In addition to unsafe speed differentials resulting if speed limits on certain roads have higher speed limits than those governed by the engine’s control unit, speed limiters take away a driver’s ability to avoid accidents and unsafe road conditions, according to OOIDA President and CEO Todd Spencer.

In addition, “speed limiters increase driver stress and make drivers more fatigued because they must operate longer hours in order to complete the work expected of them, and they must also operate at the maximum allowed speed for more of those hours,” Spencer said. “In a survey of our members, drivers that are required by their carriers to use speed limiters also report feeling pressure to ‘make up’ time on local roads when the posted speed limit is lower than the speed set on the truck.”

The Livestock Marketing Association, which represents more than 80% of local livestock auction markets, agreed that the use of speed limiters “ignores the very real safety hazard of speed differentials and fails to account for the safety impacts when a 60, 65 or 68 mph limit is applied to a [truck] while surrounding traffic are traveling speeds 10, 15 or even 20 mph faster. This difference in speeds will cause more dangerous conditions for the motoring public.”

Mandating slower truck speeds, he said, “will literally slow the movement of freight through the supply chain. At a time when businesses and families are having difficulties securing the supplies they need, this proposal would create additional challenges and delays.”

One commenter used FMCSA’s own data to counter research from safety and insurance groups used to support speed limiters (see table, above).

The commenter noted that according to FMCSA, highways with posted speed limits of 50-55 mph account for 33.3% of all fatal crashes and that highways with speed limits of 60-65 mph and 70-75 mph account for significantly fewer fatalities.

“What is more, this data shows that out of 4,479 fatal crashes only 1.0% (45 fatal crashes) occurred in areas with no statutory speed limit” and 97% occurred in areas with speed limits. “This evidence suggests on its face that fatal crashes are less likely, not more, as posted speed limits are increased or removed altogether.”

Click for more FreightWaves articles by John Gallagher.

Fatal crashes involving large trucks


  1. Allen

    It will not work it will create more danger with everyone doing 70 plus and all the trucks Jamed together doing what ever you decide they should do.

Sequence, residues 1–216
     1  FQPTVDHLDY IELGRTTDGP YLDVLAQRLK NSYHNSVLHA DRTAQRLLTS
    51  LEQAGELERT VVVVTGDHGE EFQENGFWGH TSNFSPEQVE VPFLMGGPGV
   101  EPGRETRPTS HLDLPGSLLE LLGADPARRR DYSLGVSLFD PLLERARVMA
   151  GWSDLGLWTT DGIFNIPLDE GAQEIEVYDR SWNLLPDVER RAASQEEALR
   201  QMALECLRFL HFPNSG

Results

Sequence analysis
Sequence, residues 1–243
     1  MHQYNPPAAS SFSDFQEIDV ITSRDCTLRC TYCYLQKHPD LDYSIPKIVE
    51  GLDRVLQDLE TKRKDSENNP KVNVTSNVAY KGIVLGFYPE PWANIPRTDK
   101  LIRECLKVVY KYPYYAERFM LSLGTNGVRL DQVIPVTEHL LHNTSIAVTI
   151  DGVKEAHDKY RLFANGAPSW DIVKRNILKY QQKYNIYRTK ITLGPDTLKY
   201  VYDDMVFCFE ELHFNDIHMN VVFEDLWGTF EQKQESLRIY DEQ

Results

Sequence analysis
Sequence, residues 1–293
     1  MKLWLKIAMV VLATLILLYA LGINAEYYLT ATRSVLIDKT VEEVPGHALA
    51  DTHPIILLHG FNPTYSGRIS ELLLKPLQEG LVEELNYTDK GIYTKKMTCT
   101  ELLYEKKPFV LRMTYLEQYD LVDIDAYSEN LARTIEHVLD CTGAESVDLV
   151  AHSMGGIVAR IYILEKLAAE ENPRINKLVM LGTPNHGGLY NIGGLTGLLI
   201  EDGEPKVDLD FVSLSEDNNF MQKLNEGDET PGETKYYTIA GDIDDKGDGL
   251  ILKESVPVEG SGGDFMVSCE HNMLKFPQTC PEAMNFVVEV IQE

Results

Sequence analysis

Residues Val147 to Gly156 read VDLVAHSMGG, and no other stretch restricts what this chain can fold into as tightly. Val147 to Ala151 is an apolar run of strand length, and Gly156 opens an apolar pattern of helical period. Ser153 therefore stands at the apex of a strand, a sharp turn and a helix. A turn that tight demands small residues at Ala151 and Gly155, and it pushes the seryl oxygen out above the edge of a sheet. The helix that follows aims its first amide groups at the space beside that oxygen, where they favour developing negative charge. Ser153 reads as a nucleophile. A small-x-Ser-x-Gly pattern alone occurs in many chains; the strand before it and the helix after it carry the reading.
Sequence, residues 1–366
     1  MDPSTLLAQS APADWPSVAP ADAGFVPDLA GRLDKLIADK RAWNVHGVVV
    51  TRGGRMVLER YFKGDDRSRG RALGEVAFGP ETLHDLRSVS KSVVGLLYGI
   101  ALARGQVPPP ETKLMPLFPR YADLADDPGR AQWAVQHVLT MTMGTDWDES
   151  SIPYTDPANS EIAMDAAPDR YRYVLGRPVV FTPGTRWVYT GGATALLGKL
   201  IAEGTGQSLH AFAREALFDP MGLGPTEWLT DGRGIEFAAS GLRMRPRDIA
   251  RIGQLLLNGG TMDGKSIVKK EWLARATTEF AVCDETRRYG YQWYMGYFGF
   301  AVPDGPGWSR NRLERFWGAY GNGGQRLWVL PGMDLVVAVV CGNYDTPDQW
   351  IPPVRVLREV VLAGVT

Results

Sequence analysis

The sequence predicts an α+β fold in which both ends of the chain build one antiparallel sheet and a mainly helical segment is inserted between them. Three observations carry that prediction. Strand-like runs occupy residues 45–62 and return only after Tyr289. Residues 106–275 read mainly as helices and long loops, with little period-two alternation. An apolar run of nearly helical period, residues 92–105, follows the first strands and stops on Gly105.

2. Carl schmidt

    The only thing that will make the roads safer is to get ALL vehicles going the same speed. Until the four wheelers get slowed down the roads won’t be safer. In the 33 years I’ve been driving trucks. The roads have gotten drastically more dangerous. People in their cars think we can stop trucks on a dime. They like to hang out on the right side of a truck. The lack of respect for the speed limit by 4 wheelers is a joke. My truck is governed at 70 mph. Cars fly by me like I’m not moving. Many at 80, 90 and 100 plus. You see very few police out anymore that’s why cars are doing it.

  3. Todd

    Electronic logs were suppose to save lives also but the exact opposite happened. Installing speed limiters will do the exact same thing as electronic logs, it will convince experienced drivers to leave the industry and cause MORE accidents and backups.

  4. Doug Ibrahim

    One important part is missing from this article. The data on fatal crashes between cars and big trucks has consistently shown that the majority are caused by the driver of the car. Speed does NOT change that statistic. So prove to me how slowing trucks would change that. Maybe these safety advocates should consider pushing the idea of governing the cars’ speed.

  5. Trent

    In a word? Idiotic.

    It’s very clear that the people considering this have no concept of trucking, and I’d wager that not one of them has ever even obtained a CDL.

    I get brake checked often for not going fast enough around Chicago, which has had split speed limits for cars/trucks for many years. It’s why I’ve run a dashcam for many years as well, and it has exonerated me several times from aggressive & distracted 4 wheelers.

    I could go on and on and on, but there’s only one point that matters here. Bottom line, it’s idiotic and insanely unsafe.


Comments are closed.

John Gallagher

Based in Washington, D.C., John specializes in regulation and legislation affecting all sectors of freight transportation. He has covered rail, trucking and maritime issues since 1993 for a variety of publications based in the U.S. and the U.K. John began business reporting in 1993 at Broadcasting & Cable Magazine. He graduated from Florida State University majoring in English and business.